So, get ready – seatbelt on (or helmet if you are on the bike) – prepare for the ride.

It’s going to be a blast!

P.S. The back of the Service Bulletin for Bill's clothing contained this information about Pelagius - from whence cometh Bill's religious name "Morgan".

Pelagius (ca. 360 - 420 c.e.) was a Welshman or at least a Celt from the British Isles. His name Pelagius is a Graeco-Roman form of his surname, Morgan, meaning "Son of the Sea." His friends called him "Brito".

After leaving a confession of things to be left behind on the altar, and forgiving all who come between him and Christ's call, Bill made the following vow:

"I give myself without reservation to God, the Three of limitless love. I seek to know Christ better and make him better known, to live simply that others may simply live, to overcome evil with good and to follow the examples of Columba, Brigid, Cuthbert, Hilda and all of the Celtic Saints.

I commit myself to simplicity, fidelity and obedience, honoring those to whom I am responsible.

I undertake, as God permits, to follow a daily rhythm of prayer, work and re-creation, to meet with my spiritual director regularly and to attend the Annual Gathering of Anamchara Fellowship.

I will pray for and meet with my Anamchara during this time of formation, and will use the Fellowship's patterns of prayer each day.

The Abbess then said,

May the Father's heart be yours;
May the Christ-like qualities of Columba, Brigid, Cuthbert, and Hilda be yours.
May the signs and wonders of the Spirit be yours.

In stillness or in storm, be always vigilant, waiting, sharing, praising, and blessing. Sail forth across the ocean of God's world, knowing both the frailty of your craft and the infinite riches of your God.

Ah, 'twas a lovely thing, indeed.

Congratulations, Bill. We're all very proud of ya, laddy!


Kirkepiscatoid said...

...and doesn't Bill look...well...uh, radiant in his "Monk-y duds!"

Elizabeth Kaeton said...


Bill said...

It was a great day, physically exhausting and emotionally draining. Thank you for being there for me today as I continue this spiritual journey. It's always been easier for me to help others rather than admit to my own needs for something as simple as a friendly face and a warm smile coming from my friends.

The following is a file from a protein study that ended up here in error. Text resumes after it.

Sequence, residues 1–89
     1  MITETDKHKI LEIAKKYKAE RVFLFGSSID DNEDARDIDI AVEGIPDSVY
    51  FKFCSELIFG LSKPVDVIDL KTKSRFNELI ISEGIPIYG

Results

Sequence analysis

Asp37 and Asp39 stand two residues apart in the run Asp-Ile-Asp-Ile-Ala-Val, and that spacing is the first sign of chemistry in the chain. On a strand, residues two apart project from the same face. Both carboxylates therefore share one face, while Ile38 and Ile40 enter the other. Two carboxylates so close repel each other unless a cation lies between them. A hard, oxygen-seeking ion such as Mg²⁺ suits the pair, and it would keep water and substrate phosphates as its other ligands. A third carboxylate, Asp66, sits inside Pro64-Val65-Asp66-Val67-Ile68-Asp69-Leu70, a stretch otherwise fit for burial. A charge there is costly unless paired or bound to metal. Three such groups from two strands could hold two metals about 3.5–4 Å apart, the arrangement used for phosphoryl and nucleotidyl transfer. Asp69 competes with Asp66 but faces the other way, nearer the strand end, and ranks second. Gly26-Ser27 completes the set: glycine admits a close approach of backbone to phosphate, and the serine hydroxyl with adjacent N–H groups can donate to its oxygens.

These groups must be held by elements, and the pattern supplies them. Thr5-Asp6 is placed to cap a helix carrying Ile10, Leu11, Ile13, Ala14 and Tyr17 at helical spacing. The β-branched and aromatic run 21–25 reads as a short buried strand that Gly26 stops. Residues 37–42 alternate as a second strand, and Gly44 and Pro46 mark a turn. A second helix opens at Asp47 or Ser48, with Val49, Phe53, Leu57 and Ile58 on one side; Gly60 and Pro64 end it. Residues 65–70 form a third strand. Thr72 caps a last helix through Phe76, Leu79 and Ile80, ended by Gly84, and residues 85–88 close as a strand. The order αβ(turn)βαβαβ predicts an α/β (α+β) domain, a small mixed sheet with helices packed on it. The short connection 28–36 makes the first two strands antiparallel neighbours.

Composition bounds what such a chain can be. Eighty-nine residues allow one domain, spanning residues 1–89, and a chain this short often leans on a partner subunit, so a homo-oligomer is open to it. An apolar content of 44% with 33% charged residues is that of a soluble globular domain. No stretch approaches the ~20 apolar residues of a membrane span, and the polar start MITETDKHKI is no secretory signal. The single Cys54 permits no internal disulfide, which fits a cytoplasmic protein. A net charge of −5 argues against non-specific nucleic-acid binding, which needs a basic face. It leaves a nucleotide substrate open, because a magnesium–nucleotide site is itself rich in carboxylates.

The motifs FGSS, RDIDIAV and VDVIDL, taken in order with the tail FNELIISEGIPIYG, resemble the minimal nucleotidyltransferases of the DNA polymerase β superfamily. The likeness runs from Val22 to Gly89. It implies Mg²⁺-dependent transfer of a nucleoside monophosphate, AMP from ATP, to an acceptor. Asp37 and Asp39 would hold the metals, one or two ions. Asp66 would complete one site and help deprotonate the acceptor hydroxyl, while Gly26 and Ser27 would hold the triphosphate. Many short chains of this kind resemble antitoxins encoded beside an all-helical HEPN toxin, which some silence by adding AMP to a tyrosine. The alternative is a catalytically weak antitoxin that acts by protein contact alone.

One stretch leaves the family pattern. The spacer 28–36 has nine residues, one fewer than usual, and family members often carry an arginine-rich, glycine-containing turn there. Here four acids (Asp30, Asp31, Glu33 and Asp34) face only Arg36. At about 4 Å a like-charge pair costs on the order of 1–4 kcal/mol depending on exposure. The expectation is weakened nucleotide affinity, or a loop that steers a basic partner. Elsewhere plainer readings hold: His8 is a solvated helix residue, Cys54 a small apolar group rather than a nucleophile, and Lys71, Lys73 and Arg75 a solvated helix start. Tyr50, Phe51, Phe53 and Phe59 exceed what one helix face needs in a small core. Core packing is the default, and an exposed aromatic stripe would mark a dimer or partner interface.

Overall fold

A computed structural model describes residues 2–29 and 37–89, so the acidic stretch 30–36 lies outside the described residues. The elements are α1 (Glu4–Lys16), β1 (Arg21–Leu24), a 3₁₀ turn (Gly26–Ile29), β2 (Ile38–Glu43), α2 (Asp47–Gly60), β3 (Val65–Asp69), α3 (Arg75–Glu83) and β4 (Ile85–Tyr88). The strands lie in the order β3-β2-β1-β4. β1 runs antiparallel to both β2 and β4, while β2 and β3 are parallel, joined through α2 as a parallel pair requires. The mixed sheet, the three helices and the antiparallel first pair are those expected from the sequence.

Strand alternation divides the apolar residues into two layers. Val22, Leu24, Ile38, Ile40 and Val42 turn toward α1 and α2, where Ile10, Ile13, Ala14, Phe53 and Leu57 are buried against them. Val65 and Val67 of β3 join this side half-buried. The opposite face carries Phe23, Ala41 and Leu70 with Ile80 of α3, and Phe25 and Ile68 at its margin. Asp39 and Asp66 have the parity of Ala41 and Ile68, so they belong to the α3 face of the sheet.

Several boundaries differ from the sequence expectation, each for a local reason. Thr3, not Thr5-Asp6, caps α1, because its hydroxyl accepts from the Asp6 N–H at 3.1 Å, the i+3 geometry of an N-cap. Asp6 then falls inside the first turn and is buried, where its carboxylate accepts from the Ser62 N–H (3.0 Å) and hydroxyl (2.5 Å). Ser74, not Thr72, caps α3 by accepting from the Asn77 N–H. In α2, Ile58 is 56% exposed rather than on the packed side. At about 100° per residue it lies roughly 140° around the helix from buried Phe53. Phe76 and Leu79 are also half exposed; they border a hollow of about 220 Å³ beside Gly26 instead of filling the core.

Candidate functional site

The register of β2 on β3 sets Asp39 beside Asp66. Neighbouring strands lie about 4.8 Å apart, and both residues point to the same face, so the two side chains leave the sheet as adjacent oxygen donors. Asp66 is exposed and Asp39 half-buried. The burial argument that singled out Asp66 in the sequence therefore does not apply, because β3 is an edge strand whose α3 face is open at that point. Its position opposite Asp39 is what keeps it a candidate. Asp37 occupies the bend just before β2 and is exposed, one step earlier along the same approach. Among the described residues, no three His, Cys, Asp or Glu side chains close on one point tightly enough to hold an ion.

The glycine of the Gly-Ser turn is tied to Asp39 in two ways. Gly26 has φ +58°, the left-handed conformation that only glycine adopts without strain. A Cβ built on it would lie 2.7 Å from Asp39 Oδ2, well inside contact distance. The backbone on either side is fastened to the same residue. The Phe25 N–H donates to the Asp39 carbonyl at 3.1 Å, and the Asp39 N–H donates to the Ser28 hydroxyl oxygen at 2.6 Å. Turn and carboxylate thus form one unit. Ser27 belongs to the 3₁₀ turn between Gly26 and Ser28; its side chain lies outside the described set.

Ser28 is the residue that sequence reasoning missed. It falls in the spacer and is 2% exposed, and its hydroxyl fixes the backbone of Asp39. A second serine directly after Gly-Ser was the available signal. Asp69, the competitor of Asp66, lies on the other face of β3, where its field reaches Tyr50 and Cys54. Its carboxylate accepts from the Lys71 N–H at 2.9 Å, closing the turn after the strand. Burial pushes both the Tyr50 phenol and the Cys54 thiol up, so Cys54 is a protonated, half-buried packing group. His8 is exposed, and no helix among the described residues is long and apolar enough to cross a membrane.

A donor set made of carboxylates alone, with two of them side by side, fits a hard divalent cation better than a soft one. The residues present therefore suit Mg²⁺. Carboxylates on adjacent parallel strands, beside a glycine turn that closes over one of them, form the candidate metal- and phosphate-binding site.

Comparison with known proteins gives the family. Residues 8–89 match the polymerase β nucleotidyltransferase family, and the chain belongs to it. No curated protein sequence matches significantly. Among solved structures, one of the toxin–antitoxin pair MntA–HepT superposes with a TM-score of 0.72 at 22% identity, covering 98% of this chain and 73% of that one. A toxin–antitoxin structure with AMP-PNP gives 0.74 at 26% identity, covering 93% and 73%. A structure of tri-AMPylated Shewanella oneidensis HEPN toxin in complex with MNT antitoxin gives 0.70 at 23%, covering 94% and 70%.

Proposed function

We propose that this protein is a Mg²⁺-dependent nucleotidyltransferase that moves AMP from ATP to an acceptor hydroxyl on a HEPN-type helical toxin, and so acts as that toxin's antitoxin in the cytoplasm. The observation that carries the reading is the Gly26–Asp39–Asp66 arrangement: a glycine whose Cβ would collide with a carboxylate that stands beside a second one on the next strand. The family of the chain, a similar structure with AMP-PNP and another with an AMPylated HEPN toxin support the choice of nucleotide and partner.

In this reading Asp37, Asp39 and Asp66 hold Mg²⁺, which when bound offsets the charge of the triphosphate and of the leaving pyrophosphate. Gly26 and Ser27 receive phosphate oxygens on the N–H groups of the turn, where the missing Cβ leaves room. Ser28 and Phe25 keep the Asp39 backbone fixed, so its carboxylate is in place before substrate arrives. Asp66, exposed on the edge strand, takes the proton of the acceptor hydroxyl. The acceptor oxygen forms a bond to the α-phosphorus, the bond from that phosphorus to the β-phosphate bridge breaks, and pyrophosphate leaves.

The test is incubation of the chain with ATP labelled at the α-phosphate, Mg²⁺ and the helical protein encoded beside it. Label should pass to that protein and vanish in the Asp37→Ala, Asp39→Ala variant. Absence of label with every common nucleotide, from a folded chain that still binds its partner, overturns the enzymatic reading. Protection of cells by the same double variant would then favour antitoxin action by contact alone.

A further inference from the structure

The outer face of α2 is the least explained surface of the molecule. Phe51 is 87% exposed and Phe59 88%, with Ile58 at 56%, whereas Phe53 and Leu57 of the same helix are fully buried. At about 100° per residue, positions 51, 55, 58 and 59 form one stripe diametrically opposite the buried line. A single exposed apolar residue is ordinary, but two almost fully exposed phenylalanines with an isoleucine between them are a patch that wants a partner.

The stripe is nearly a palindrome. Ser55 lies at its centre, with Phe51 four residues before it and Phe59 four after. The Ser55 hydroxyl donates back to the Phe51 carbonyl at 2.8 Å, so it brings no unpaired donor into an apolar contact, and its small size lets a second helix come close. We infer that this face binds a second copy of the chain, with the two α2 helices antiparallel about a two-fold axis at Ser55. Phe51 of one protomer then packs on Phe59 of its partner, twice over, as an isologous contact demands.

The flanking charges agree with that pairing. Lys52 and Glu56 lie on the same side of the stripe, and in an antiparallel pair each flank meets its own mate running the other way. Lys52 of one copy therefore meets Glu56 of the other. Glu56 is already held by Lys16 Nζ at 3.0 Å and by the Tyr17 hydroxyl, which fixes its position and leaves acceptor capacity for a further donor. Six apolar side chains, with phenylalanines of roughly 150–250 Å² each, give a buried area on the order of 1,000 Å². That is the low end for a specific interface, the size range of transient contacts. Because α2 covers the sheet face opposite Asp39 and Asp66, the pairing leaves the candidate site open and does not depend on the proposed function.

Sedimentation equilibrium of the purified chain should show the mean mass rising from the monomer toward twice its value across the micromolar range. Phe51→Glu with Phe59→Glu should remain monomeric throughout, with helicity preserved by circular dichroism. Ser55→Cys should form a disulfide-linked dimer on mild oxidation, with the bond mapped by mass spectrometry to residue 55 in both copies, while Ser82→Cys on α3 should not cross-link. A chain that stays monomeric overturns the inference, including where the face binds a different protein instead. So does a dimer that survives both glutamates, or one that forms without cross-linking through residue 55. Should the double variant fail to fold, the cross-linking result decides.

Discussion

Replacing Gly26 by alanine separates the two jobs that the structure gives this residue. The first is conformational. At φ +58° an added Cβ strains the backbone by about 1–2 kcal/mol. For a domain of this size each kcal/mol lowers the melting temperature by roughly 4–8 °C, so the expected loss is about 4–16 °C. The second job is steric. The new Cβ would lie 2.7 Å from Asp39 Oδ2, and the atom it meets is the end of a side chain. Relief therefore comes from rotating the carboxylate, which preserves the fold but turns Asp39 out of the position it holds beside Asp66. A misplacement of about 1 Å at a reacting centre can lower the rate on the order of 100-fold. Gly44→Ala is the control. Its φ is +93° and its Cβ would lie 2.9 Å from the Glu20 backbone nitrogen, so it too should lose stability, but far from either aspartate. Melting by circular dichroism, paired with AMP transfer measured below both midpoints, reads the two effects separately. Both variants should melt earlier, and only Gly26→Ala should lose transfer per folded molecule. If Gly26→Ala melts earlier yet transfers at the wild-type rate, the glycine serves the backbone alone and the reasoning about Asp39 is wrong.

My shrink has often told me that I need to learn how to accept things from my friends. She told me that if I'm the one who is always giving, then sooner if not later, there will be no more Bill to give. Learning how to accept from others is one way the batteries are recharged. Between all the emotional support today and a few hours cat-nap, I think I'm ready to go a few more rounds.

Fran said...

Oh this is brilliant! What words from the lovely Ms. Conroy and blessings for Bill!

susankay said...

Blessings Be.

Bill -- I suspect that often the greatest gift that I can give is to ask that I receive gifts from others.

Like you, I often find that far more difficult than the other way around.

Elizabeth Kaeton said...

Bill, it was a privilege and a joy to be with you today. Now, you can be there for Jon tomorrow morning. He'll need your support.

Elizabeth Kaeton said...

Fran, I only wish you could have been there to see it. It was really lovely.

motheramelia said...

What a wonderful story and homily. I wish Bill well and thank you for this.

VK McCarty said...

Thank you for this wonderful posting, and for Barbara's homily & charge -- what an inspiring service and a great looking family in the snapshot! Much love to you all, VK.

Brother David said...

God's richest blessings to Bro. Bill from your friend Dah•veed, who lives the professed life of a solitary, in Mexico. Today is the 11th anniversary of my profession.

On 9 AUG 1998 (which was also a Sunday) I professed vows;

(English Translation)

Purity of Heart
Evidenced by the transformation of life through active love for others and the recognition of God's indwelling Spirit in all creation.

Simplicity of Life
Evidenced by a life based on meeting simple needs rather than desires; a life of service to others and a reverence for the earth through the wise use of the earth's resources.

Evidenced by a life committed to following the teachings of Christ; following the promptings of the Holy Spirit.

Evidenced by a life of the renunciation of violence, force and war; of working to resolve human conflicts with love and understanding; standing in solidarity with everyone who struggles against oppression and working for the protection of the earth.

Universal Citizenship
Evidenced by a life of participation in the world-wide community of all people; respect for the beliefs and culture of all people and struggling for the equality of all people.

Doorman-Priest said...

Sounds my sort of place.

Elizabeth Kaeton said...